Come and waste your time
A survey of the lyrical outsider in contemporary neo-capitalism through artist moving image and drawing.
Artists: Oisín Byrne, Zinna Bright Mac-Eochaidh, Benji Jeffrey, Florian Meisenberg, Sara Procter, Kerstin Recker
Curated / Coordinated: Marian Stindt
In his 1869 novel, The Idiot, Fyodor Mikhailovich Dostoevsky tells the fictional story of Prince Myshkin, a foolishly honest and naïve character placed in the salon society of 1860s St. Petersburg. He struggles to lie, won’t get involved with corruption and refuses to use his power for financial gain, wherefore he is referred to as idiot in the sense of a mentality disadvantaged person. At the same time, he is confronted with a society dominated by social hierarchies and meritocracy. Personal and social tensions, contradictions and suffering a result from these structures. Prince Myshkins inability to operate within this society pushes him to seek refuge in isolation.
Within the same century, Joseph von Eichendorff created a similar, fictional character in From the Life of a Good-For-Nothing (1826), who also disdains philistinism and prefers a financially poor but culturally rich lifestyle over the principles of chastity and pretence.
These rather anachronistic references portray heroes who feel alienated by a performance system and are incapable to operate within social structures which value an individual’s productivity and success over its ethics. Examining literature from the nineteenth century, the lyrical outsider, was a common motif. “Having studied the lives and works of Dostoevsky, Tolstoy, James, H. Hesse, G. I. Gurdjieff, H. G. Wells, and Sartre , Colin Wilson defined the Outsider as the one man [ / woman ] who knows he [ / she] is sick in a civilization that does not know it is sick. The suffering Outsider seeks an essentially religious answer to the crisis of value and the loss of individual worth in a secular society. ”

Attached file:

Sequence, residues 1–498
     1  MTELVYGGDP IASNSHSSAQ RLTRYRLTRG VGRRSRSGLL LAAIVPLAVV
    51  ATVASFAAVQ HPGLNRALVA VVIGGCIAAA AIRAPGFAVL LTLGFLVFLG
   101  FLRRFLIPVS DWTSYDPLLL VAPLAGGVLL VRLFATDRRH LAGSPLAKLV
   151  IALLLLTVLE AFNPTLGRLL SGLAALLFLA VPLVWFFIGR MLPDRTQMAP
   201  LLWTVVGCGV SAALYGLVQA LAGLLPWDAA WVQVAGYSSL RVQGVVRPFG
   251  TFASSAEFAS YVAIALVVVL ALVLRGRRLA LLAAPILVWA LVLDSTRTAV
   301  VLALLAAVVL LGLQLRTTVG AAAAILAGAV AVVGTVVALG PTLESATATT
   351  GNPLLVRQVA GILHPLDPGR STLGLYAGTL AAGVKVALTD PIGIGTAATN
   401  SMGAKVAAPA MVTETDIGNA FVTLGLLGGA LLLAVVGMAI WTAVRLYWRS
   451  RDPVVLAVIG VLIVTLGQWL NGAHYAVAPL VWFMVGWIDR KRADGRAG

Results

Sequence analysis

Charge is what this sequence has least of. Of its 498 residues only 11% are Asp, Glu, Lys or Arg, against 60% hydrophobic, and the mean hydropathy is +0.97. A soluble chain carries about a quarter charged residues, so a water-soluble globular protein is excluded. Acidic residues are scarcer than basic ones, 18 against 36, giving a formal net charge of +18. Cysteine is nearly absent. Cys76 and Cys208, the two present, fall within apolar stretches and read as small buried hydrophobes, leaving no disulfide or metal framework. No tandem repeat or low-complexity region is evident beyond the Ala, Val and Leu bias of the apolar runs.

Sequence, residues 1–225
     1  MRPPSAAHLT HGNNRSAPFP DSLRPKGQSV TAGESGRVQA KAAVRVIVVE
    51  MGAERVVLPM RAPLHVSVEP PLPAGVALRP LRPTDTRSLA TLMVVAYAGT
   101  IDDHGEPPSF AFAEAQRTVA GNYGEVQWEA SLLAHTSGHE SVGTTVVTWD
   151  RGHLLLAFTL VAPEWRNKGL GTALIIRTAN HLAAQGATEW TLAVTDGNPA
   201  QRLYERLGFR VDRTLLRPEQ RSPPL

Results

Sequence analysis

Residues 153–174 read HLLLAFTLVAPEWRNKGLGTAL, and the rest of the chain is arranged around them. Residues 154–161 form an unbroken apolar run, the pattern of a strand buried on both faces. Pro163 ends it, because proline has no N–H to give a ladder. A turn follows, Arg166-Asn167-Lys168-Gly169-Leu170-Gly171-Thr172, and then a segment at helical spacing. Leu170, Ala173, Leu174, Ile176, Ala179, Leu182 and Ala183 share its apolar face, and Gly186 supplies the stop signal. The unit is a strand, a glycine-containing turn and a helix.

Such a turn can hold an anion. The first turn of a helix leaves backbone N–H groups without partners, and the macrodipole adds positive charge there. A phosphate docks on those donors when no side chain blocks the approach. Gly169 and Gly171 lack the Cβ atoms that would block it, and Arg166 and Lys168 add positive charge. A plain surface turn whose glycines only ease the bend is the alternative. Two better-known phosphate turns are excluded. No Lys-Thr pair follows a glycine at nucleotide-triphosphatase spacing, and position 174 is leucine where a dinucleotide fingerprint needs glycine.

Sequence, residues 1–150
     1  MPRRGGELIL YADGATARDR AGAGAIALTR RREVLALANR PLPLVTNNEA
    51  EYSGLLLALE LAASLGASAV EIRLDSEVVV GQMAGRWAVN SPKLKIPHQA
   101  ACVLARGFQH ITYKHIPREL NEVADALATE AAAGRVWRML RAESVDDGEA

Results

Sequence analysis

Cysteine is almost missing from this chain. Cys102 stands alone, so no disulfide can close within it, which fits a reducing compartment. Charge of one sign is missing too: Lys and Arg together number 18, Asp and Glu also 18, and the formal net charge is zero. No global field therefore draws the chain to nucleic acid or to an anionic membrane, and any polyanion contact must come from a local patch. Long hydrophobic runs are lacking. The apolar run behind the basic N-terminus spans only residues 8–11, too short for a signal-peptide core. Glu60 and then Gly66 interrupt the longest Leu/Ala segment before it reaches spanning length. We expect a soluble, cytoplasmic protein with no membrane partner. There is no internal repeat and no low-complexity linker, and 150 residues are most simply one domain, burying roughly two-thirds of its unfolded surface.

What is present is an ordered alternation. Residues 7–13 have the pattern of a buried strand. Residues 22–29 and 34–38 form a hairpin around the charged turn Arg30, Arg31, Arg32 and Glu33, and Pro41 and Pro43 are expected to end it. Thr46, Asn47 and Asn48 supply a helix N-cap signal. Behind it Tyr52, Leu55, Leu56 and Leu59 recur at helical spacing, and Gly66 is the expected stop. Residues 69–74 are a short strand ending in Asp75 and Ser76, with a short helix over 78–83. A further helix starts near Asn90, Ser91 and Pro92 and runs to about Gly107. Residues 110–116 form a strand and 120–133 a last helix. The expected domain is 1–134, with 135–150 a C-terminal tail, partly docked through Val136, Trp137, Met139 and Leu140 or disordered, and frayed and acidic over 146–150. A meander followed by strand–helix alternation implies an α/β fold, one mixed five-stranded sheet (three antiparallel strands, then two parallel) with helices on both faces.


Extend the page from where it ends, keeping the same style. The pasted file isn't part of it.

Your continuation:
This makes the idiot a hero.
Just like the novels, the Good-For-Nothing Screening Room doesn’t dwell on the sickness within a neo-capitalistic system, but on ways of bypassing, resisting and satirising it. In Paul Rudnick’s words: “Comedy is often the only feasible antidote to a completely justifiable, but not very entertaining hopelessness. Sometimes a wisecrack is a weapon.”
The space displays artists’ moving image that humorously mirror society and its ethical flaws. Besides humorous aspects the artist’s works offer pointed social critique, satirical reproach to capitalism and surreal visions of the future.
As all works are time-based, the beholder is invited to ‘waste’ precious time, to be unproductive and to engage with film and artists’ moving image for the sake of nothing but pleasure and reflection. This requires slowing down and in the playful spirit of the homo ludens, to rediscover potential in leisure. It is about time to embrace idiocy.
Private View 17th April 6 – 9 pm
Dates & times
|Date||Time||Add to calendar|
|17 May 2018||
6:00pm - 9:00pm
Visitor Information: Exhibition running from 18th-23rd May, 2pm-8pm, closed on Sundays and Mondays
If you are attending an event and need the College to help with any mobility requirements you may have, please contact the event organiser in advance to ensure we can accommodate your needs.